"little change with added prism"
5% of population when tested at distance or near.
Very little change in FD with increased vergence demand from increasing prism.
May show no x-intercept.
Associated with ANISEIKONIA and other sensory fusion problems.
What type of lenses work well for symptomatic esophoric patients?
PLUS lenses.
Shift fixation disparity plot upward or downward

Esophoria=use PLUS lenses
Divergence excess= use MINUS lenses
What should you start with when you aim to use Prism to fix disparity curve?
you should start with the Dissociated Phoria or associated phoria.
The big goal of VT is to ?
Increase Vergence Adaptation capability.
flattens the fixation disparity curve.
patients with steep slopes are good candidates for vision therapy.
Units used to test for fixation disparity include:
Disparometer, mallet box, wesson card, and saladin card.
3 Ways to treat Fixational Disparity:
1) Prisms (Rx off associated phoria)

2) Added lenses
-determine amount of added lens power needed to reduce fixation disparity to zero

3) Vision Therapy
-improves vergence adaptation
-flattens the slope of the fixation disparity curve
Convergence Insufficiency Symptom Survey & COVD QOL
15 questions.
Score >16 is diagnostic for children age 9-17 yo.
Score >21 yo is diagnostic for adults 18yo+
Change in 10 points in clinically significant

30 items; now 19-item survey for improved efficiency.
score >20 diagnostic
What is the Sequential Management Approach in General Treatment?
1) Optical Correction of Ametropia
2) Added lens power
3) Prism
4) Occlusion
5) Vision Therapy
6) Surgery
Prisms are used to decrease the demand on ________ ___________.

Used in the following situations
Fusional Vergence.

horizontal & vertical relieving prism,prism to aid vision therapy, prism when visual therapy not possible, prism at the end of vision therapy, brain injury, cosmetic.
How do you determine the amount of horizontal PRISM to Rx?
1) Sheard's Criterion
-Reserve (R) should be twice the demand (D)
-demand equals phoria
-Prism to Rx = (2/3)D-(1/3)R

2) Percival's Criterion
-Demand should fall in middle 1/3 of ZCSBV
-Lesser amount (L) of vergence ranges (BI or BO) should be at least half of greater amount (G)
-prism to Rx = (1/3)G-(2/3)L

3) 1 to 1 Rule
-recovery > phoria
-mostly used for esophoria
-recovery used is opposite base direction as phoria measurement
-Prism to Rx (BO)=(esophoria - base in recovery)/2
When is occlusion typically used?
Patching recommendations for:
moderate amblyopia: 20/30-20/80?
severe amblyopia: 20/100 or worse?
Patch for 2 hours a day with at least 1 hour of near work.
Patch for 6 hours a day with at least one hour of near activities
Long term effects of Vision Therapy?
Develops normal motor and sensory fusion, accommodative skills, and oculomotor control.

-reduces symptoms, increases accom amplitude & facility, eliminates accomm spasm, improves near point of convergence, increases fusional vergence amps & facility, eliminates suppression, improves stereo, improves accuracy of saccades & pursuits, and improves stability of fixation.
When do you want to consider Surgery?
Highly unlikely for nonstrabismic binoc vision, accomm and oculomotor disorders.
May want to consider is HORIZONTAL PHORIA EXCEEDS 30 diopters.
Convergence Insufficiency facts:
ortho or low exo at distance
Receded near point of convergence.
Reduced positive fusional vergence.

Reported in 3-5% of population.
Typically rests head on hand/covers eyes.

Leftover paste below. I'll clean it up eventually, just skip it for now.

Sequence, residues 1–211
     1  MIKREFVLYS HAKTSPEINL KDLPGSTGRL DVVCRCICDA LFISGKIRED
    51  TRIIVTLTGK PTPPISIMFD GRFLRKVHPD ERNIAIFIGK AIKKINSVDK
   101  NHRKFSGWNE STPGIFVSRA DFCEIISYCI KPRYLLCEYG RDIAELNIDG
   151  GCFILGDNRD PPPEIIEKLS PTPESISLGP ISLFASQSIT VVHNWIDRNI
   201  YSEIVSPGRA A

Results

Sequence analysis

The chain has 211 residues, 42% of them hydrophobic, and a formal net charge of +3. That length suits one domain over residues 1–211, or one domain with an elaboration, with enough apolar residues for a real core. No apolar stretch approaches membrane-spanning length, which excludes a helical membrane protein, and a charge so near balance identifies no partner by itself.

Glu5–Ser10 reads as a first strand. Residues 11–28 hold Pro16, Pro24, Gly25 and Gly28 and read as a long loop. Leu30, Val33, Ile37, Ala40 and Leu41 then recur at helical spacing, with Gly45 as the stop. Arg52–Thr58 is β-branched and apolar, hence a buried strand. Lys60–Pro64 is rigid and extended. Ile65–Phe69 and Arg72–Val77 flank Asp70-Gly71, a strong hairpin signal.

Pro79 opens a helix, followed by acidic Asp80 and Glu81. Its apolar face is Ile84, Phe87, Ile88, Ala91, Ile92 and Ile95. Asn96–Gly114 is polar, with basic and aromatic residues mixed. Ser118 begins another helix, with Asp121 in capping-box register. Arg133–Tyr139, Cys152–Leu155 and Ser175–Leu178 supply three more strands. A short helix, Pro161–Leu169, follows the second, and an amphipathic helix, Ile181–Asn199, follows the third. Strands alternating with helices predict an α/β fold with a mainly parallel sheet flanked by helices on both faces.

Can take the Convergence Insufficiency survey!
low MEM
Convergence Insufficiency secondary conditions.
Accommodative Excess and Accommodative Insufficiency

Accom Excess:
overusing accomm convergence to supplement reduced positive fusional vergence.
Tank with "+" lenses.
NRA reduced!
May lead to accom spasms!

Accom Insufficiency:
pseudo convergence
Patient underaccommadates, reduced convergence
Huge demand on PRV
Tanks with "-" lenses.
Low PRA and Amp of Accom
Divergence Insufficiency facts:
Greater ESOPHORIA at distance than near.
Reduced Divergence at distance.
normal versions

Least common
Symptoms of Divergence Insufficiency:
Intermittent diplopia at distance.
worsens at end of day or when fatigued.
Greater eso at distance than near.
difference can be as little as 8^.
Comitant in all positions of gaze.
DDx of Divergence Insufficiency:
1) Convergence Excess
-Greater ESO at near than distance
2) Basic Esophoria
-normal AC/A.
-roughly same phoria at distance and near.
Signs of 6th nerve palsy
occasionally found in Divergence insufficiency.

-noncomitant deviation
-Endpoint is nystagmus.
What type of prism do you use to fix DI?
Horizontal BO prism.
With VT to treat DI, what are the goals?
Goals are to increase NFV @ distance, improve vergence facility, eliminate diplopia, reduce/eliminate all of patient's symptoms.
Convergence Excess (CE)
Most common BV problem (1.5-8.2%)
Eso at near, gets GREATER at distance
Reduced NFV.

associated with reading/near work.
What is the % of the population that suffers from Convergence Excess?
Convergence Excess details...what is diagnostic?
Greater ESO at near than distance.

difference as little as 3^ between distance and near may be diagnostic.

HUGE lag on MEM.
4 pharmaceuticals that can cause convergence excess:
1) Eserine
2) Pilocarpine
3) Excessive Vitamin B1
4) Sulfonamides
What pharmaceutical can treat convergence excess?
-echothiophate iodide drops, diisopropyl fluorophosphate ointment, causes miosis and ciliary spams.
Reduces ESO, less accomm convergence.
Divergence Excess symptoms:
Greater EXO at distance than Near.
Only BV issue that has completely normal convergence ability.
Exo deviation may be a phoria or tropia.
Normal stereo at near.
What percentage of strabismic patients have Divergence Excess?
7-24% of patients had divergence excess type exotropia.
What % of Divergence excess patients have been found to have a vertical deviation?

may be related to overreaction of inferior oblique.